Editore"s Note
Tilting at Windmills

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March 12, 2005
By: Brad Plumer

HAVE WE ALL BECOME BIG PANSIES?...Apparently fresh out of ideas for a column, David Brooks struggles today with his guilt over drinking decaf, and decides that society is to blame:

And yet we live in the age of the lily-livered, in which fretting over things like excessive caffeination is built into the cultural code.

I blame parents. Kids are raised amid foam corner protectors and schooled amid flame-retardant construction paper. They're drugged with a vast array of pharmaceuticals to keep them from becoming interesting. They go from adult-structured tutorials to highly padded sports practices to career-counselor-approved summer internships.

I blame the titans of corporatism. Fitness is now the prime marker of capitalist machismo, so the higher reaches of corporate America are filled with tightly calved Blackberries in human form, who believe that extremism in pursuit of moderation is no vice. They have become such obsessive time-maximizers that all evening, in what used to be known as social life, they keep an eye on the need to be up, fit and early, for the next day's productivity marathon.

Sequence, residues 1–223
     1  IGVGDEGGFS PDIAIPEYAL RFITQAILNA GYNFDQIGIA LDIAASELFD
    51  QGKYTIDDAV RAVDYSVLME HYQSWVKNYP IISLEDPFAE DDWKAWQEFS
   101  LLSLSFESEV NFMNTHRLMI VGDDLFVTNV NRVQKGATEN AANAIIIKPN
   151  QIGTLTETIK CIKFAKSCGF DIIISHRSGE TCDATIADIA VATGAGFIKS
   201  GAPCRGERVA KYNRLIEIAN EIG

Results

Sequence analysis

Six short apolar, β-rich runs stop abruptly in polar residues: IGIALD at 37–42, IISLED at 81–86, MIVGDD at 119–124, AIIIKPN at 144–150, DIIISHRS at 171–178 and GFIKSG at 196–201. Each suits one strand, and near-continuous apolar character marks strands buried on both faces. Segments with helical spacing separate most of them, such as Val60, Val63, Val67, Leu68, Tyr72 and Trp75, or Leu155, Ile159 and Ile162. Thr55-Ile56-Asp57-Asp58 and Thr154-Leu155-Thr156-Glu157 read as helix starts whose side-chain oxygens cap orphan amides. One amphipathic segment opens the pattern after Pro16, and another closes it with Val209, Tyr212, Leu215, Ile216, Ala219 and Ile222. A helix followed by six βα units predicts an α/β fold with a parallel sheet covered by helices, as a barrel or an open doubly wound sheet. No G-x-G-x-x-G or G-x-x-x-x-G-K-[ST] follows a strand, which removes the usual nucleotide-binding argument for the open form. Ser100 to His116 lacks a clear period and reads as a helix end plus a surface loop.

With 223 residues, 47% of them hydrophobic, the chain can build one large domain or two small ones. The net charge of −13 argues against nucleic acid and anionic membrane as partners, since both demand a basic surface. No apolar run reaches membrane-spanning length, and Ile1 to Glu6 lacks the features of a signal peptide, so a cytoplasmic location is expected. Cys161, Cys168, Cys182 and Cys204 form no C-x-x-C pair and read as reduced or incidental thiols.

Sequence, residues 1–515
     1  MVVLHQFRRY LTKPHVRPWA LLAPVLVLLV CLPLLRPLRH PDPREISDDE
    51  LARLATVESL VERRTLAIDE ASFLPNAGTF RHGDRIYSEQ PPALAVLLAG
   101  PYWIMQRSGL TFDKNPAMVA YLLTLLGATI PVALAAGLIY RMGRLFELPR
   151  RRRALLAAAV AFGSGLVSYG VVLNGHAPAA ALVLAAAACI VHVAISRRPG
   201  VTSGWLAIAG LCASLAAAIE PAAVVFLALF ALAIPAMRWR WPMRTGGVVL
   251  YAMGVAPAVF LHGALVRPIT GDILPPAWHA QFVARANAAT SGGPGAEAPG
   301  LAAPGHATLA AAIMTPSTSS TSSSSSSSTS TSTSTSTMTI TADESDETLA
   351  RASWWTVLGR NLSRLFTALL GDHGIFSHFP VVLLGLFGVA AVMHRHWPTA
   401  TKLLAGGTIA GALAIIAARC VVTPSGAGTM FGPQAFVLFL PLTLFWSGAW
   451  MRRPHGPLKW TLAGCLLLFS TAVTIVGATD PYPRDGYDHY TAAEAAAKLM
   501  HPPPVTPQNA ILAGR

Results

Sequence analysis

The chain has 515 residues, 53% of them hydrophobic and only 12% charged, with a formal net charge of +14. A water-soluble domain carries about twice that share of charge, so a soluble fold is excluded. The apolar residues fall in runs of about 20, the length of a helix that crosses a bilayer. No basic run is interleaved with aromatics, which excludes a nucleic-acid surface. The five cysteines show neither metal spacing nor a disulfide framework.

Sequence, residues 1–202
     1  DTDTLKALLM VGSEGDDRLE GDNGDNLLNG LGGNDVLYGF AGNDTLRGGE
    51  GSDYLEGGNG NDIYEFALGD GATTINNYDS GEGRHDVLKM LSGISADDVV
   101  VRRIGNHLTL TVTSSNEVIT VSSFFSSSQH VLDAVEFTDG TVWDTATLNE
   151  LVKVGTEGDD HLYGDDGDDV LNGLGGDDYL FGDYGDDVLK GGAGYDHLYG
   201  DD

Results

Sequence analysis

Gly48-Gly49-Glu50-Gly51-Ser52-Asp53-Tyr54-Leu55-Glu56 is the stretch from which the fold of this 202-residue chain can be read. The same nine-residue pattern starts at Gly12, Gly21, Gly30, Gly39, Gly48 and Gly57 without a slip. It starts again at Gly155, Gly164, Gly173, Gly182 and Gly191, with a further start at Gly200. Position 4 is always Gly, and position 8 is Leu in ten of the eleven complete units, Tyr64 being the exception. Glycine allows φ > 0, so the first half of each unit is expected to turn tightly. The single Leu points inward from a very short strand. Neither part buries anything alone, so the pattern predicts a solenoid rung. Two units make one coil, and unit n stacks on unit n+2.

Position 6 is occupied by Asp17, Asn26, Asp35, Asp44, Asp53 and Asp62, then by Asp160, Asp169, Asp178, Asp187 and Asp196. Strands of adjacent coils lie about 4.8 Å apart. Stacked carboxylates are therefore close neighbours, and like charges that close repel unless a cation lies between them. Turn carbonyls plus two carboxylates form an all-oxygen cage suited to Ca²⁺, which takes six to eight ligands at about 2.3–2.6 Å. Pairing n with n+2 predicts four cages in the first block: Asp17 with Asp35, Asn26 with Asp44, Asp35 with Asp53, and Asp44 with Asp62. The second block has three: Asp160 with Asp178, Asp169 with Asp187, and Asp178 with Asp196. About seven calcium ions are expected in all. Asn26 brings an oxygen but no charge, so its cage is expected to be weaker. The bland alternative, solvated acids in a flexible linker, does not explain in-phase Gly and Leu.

Since we've all heard that blogs don't do enough reporting, I decided to do a little crack investigating on my way to the coffee shopfor, yes, the strong black cheap stuffa few minutes ago. There on the street was a five-year-old puttering around on a bicycle (with no training wheels! Impressive; I didn't learn to do that until I was around 11 or so) somewhat unsupervised and lo, without a helmet. I also spotted one of those miniature cardboard "Slow Children At Play" signs in the driveway, which might support Brooks' thesis, except that it was pretty firmly crushed under the wheel of a parked car. So, you know, even here in San Francisco, where we practically invented lily-livered decadence, the kids are alright.

More to the point, though, what is David Brooks talking about? According to the American Heart Association, 62 percent of Americans don't get enough exercise. More than half of Americans "don't follow their physician's medication and lifestyle guidance." Etcetra etcetra. Meanwhile, only 8 percent of regular coffee drinkers drink decaf. Those "titans of corporatism" could do a much better job of letting everyone else know that we live in the age of health obsessions and time-maximization.

On a side note, though, I did find this interesting Wall Street Journal story on weight discrimination in the corporate boardroom. Brooks is right about one thing: Only 9 percent of executives are overweight. But that phenomenon seems just as much due to weird natural selection pressures on hiring decisions as it is to some bizarre culture of dullness now taking over America.

Brad Plumer 7:53 PM Permalink | Trackbacks

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